Instant Whip and Ovaltine

It’s easy to forget that the past not only looked different to the present, it tasted different too. In today’s post we’ll take a look at some dietary diaries to see how people’s diets have changed over the past 60 years.

A lot of The Children’s Society’s children’s homes started keeping dietary diaries in the mid-20th Century. These diaries list the food that was fed to the children in the homes each day and so are a great resource for studying diet. (As long as you don’t study them on an empty stomach, that is, otherwise you may find yourself daydreaming about food rather than working, as I have found out to my own embarrassment!)

The first dietary diary I’m going to share with you today comes from St Agatha’s Home for Girls in Princes Risborough, Buckinghamshire, and dates from 1955.

Page from a dietary diary for St Agatha’s Home, Princes Risborough, Buckinghamshire, 1955

1955 Feb. 13th
Sunday
Breakfast – Swiss porridge. Breakfast sausage B&B marm. tea.
Dinner – Cold beef. Cress tomatoes. beetroot. celery Mashed potatoes. Raisin pie – custard
Tea – Banana jelly. B&B. jam. cake. Tea.
Supper – Bread & dripping. Milk.

Monday
Breakfast – Cornflakes. Tomatoes & fried bread. B&B. marm. Tea.
Dinner – At School.
Tea – Mince, peas and carrots. B&B. jam. Gingerbread. tea.
Supper – Biscuits. Cocoa.

Tuesday
Breakfast – Swiss porridge. Scrambled egg on toast B&B. marm. tea.
Dinner – At School.
Tea – Shepherd’s Pie with baked beans. B&B. jam. cake. tea.
Supper – Cream crackers & cheese. Milk.

Wednesday
Breakfast – Puffed wheat. Bacon & fried bread. B&B. marm. tea.
Dinner – At School
Tea – Sausage & tomato pie. B&B. jam. cake. Tea.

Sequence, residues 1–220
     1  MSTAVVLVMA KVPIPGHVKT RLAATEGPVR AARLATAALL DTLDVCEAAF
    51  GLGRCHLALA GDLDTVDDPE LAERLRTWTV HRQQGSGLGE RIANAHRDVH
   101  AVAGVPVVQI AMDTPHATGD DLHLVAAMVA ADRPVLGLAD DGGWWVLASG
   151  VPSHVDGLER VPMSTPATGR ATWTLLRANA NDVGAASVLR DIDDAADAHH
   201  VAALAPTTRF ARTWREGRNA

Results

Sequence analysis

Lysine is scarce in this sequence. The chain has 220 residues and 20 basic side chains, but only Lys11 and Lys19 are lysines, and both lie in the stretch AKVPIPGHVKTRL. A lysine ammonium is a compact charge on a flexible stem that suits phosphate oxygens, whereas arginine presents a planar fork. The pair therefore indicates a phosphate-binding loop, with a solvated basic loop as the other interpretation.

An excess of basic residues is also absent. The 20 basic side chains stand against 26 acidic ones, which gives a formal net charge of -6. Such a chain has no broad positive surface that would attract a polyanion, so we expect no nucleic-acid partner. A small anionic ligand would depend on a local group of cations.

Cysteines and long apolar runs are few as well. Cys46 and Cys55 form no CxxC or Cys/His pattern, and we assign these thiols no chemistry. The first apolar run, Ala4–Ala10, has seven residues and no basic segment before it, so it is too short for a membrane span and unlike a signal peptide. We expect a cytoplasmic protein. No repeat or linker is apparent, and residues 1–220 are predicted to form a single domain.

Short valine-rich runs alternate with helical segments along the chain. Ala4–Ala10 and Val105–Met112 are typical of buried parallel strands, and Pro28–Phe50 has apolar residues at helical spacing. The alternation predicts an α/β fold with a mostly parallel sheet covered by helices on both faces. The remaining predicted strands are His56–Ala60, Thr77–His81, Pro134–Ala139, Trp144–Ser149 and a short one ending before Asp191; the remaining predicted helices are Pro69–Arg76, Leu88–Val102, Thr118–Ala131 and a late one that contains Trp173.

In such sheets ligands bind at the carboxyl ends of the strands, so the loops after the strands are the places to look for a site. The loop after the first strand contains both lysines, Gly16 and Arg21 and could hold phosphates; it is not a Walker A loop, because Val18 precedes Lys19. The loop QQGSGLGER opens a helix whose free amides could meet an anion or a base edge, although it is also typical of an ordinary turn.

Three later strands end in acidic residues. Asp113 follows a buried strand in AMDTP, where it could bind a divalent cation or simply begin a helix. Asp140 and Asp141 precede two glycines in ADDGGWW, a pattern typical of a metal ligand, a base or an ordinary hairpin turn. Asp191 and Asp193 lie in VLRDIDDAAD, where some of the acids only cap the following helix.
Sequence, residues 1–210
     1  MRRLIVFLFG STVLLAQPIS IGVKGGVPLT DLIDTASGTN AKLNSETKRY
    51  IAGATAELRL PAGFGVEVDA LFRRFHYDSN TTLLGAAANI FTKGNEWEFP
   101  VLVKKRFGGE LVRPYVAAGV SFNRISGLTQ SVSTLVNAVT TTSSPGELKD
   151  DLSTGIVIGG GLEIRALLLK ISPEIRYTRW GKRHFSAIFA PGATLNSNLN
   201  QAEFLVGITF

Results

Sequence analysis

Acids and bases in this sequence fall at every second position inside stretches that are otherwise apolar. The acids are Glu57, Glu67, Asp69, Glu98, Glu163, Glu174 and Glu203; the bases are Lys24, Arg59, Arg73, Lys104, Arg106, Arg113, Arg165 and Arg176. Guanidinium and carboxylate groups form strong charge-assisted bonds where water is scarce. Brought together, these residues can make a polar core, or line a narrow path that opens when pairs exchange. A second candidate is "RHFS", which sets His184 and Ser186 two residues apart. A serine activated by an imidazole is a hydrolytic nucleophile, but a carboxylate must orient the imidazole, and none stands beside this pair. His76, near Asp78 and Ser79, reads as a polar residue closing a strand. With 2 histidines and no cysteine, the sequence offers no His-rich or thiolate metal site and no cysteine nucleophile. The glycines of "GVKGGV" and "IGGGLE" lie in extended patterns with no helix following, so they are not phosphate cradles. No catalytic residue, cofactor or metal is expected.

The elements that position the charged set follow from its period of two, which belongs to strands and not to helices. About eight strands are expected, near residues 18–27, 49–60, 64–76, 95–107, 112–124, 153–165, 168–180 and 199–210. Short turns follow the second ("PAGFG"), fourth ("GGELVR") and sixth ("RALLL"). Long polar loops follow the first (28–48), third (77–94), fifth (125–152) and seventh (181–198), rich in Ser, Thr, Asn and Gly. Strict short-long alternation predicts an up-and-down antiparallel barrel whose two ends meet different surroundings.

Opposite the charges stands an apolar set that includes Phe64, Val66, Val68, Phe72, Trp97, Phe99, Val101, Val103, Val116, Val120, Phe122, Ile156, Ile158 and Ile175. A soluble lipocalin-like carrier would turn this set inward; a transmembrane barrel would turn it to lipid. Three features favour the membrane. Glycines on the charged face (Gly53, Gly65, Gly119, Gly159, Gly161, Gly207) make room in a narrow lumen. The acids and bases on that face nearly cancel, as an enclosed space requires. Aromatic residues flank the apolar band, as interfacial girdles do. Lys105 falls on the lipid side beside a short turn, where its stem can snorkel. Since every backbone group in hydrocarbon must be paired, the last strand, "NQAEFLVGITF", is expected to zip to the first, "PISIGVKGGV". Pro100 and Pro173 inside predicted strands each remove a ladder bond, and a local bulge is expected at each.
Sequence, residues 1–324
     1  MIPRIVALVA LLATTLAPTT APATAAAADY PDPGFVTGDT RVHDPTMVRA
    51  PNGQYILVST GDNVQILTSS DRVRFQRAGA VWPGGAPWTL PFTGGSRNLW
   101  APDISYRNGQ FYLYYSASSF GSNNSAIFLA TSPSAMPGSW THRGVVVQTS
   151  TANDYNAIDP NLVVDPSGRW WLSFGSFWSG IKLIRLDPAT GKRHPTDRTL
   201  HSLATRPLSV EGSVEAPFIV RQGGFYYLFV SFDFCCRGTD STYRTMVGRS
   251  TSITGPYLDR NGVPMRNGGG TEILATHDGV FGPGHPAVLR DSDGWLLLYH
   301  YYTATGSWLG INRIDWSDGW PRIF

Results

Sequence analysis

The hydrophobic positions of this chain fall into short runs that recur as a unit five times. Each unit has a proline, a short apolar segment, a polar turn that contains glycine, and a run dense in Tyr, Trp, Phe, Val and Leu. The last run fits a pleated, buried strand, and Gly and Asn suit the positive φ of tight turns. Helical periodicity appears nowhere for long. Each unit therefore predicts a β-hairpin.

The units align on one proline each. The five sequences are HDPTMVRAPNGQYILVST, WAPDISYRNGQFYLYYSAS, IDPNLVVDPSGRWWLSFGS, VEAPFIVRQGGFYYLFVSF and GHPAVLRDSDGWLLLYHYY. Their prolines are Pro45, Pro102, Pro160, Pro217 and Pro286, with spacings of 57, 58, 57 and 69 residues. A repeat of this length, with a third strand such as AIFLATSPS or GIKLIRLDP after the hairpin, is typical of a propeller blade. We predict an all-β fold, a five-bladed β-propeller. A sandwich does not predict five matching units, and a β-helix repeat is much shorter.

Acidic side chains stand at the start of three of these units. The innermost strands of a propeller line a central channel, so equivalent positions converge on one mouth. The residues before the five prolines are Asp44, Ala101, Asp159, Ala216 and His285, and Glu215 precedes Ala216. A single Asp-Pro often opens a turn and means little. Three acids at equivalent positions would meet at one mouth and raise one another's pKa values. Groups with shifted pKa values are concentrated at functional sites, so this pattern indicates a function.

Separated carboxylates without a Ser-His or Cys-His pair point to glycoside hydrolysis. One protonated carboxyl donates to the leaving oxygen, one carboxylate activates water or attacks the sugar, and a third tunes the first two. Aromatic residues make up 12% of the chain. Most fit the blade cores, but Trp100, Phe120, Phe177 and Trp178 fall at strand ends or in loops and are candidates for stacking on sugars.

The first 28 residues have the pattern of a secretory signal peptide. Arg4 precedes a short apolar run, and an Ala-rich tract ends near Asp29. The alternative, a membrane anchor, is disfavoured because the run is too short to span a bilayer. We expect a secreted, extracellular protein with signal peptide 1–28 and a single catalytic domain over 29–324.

Supper – Jam tart. Lemonade.

Thursday
Breakfast – Porridge. B&B. marm. tea.
Dinner – At School.
Tea – Grated cheese. beetroot. tomatoes. carrot. B&B. Jam. Birthday cake. Tea.
Supper – Gingerbread. Milk.

Friday
Breakfast – Cornflakes. Bacon & fried bread. B&B. marm. tea.
Dinner – At School.
Tea – Smoked haddock. B&B. jam. Biscuits tea.
Supper – Rice pudding.

Saturday
Breakfast – Puffed wheat. Scrambled egg & fried Bread B&B. marm. Tea.
Dinner – Roast mutton. Roast & boiled potatoes. Cabbage. gravy. Junket.
Tea – B&B. paste. Almond buns. Tea.
Supper – Buns & milk.

A lot of this food may seem rather conservative now: cooked breakfasts and fish on Fridays, all eaten with lots of bread and butter. However, this was a time when food rationing had just ended in the UK so you can imagine that many of the items here, like banana jelly, would have been quite exciting for the children eating them.

There doesn’t seem to be much processed food in this diet, with the notable exceptions being breakfast cereals, paste, baked beans and cream crackers. It’s also to interesting to note just how much tea the children were drinking, which is not necessarily a drink we associate with children these days.